Claire: Wow. No, I can completely relate to that answer, having now sort of my third company and I think it is a hard lesson to learn Desiree. I think this idea that you separate your identity from the business. I mean, how do you do that, first of all, and second of all … Or maybe I should actually ask the second part first. When did you learn that? Like did something happen? Whether it was when you were starting and running GiveForward, whether it was when you were starting GiveForward, whether it was when you were starting and running Pearachute, where you realized, “Huh, I think I’m equating my sense of self too closely to the business and it’s actually having negative effects.”?
Desiree: Yeah. For me, it was a series of things that helped me fully, fully realize the separation. You know, bringing in a co-founder early on meant that I had to of course share the vision with someone else. But I think if I’m being honest with myself, it still always felt like mine and I was letting him in. Which is not a great way. We’re still good friends and we overcame I think the challenge in our partnership. But if I’m being really kind of just honest about how I treated things in the beginning, I think as you bring in senior team members, starts ruling some of your ownership over that control.
So in a way you kind of give up a little bit of that identification, tiny bits at a time. But truthfully for me, when I decided to step away as CEO and bring a new CEO. It’s not honestly something I would recommend to most people, it’s a very challenging way to do that, to separate yourself. A much healthier way is through coaching and through maybe therapy, reading, I don’t know, a combination of things.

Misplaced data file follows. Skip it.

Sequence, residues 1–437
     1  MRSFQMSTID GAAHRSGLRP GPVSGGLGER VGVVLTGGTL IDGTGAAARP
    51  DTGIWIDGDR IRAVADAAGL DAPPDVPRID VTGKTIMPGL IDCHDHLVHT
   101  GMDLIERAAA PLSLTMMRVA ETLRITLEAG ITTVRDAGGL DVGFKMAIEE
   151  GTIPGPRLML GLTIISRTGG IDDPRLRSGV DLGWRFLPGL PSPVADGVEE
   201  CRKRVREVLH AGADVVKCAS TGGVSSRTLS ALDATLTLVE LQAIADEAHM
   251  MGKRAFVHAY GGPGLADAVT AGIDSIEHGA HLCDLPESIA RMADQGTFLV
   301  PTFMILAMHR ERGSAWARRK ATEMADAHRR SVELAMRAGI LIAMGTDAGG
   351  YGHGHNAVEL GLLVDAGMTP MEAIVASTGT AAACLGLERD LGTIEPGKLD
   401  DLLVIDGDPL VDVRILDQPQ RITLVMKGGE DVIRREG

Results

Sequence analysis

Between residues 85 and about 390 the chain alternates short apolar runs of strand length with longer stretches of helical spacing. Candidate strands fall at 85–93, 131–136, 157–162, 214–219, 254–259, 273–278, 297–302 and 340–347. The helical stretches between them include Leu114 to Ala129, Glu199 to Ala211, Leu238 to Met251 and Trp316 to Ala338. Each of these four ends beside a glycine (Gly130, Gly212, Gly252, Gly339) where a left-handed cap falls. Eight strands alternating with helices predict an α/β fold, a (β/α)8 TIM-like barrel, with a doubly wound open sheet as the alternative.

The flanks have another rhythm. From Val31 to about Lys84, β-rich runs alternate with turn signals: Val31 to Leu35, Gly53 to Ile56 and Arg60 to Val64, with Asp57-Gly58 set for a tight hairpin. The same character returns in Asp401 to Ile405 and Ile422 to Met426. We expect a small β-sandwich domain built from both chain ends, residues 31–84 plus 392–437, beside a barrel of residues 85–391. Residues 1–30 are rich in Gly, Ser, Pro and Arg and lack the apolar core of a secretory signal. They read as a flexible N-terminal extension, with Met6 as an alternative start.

I ended up working with an executive coach for a while who like helped me make a lot of progress and understand kind of my role within the vision, as opposed to being the creator of the vision.
So I don’t recommend getting a new CEO as a way to do it, I think there’re other ways. But sometimes it does take something daring like that to force yourself and then there is a grieving process, no matter how you do it. Because you are separating a piece of yourself and it’s not a divorce in any way, shape, or form, but it is retraining your brain to think about yourself and your value differently than you did before. It’s so liberating.
Honestly, this time around with Pearachute, I get to look at Pearachute as something that is on its own. I actually think truthfully being a mother has helped me do this that much more because I have two boys that I’ve birthed and then a step-daughter also.
My role as a parent is not to dictate who they become, right? But to help put them on this journey for success and to give them the foundation and the resources that they need to be their best selves. That’s true about a business too.
So you know, the analogy does continue, but one that is less emotionally aggressive I think, which is: If you treat your company as this being that has his own life, and its own identity, and its own brand – you create the resources and the support system around. It’s just such a much more relaxing place to live and you still want them to do well. You still need them to get into college, you still need all those things to happen but you’re not … It’s not the same as your own personal value.
Claire: Absolutely. What then are you doing differently with Pearachute in this approach? Is it a mindset, is it in conversations you’re having with your senior leadership team, has it affected your hiring? Like curious, given that you’ve learned, “Okay, I can’t be as emotionally aggressive.” what are you doing differently then with Pearachute to sort of set those boundaries?
Desiree: Yeah, I’m doing so many things differently. Definitely hiring.
I hire a lot more for the individual athlete role.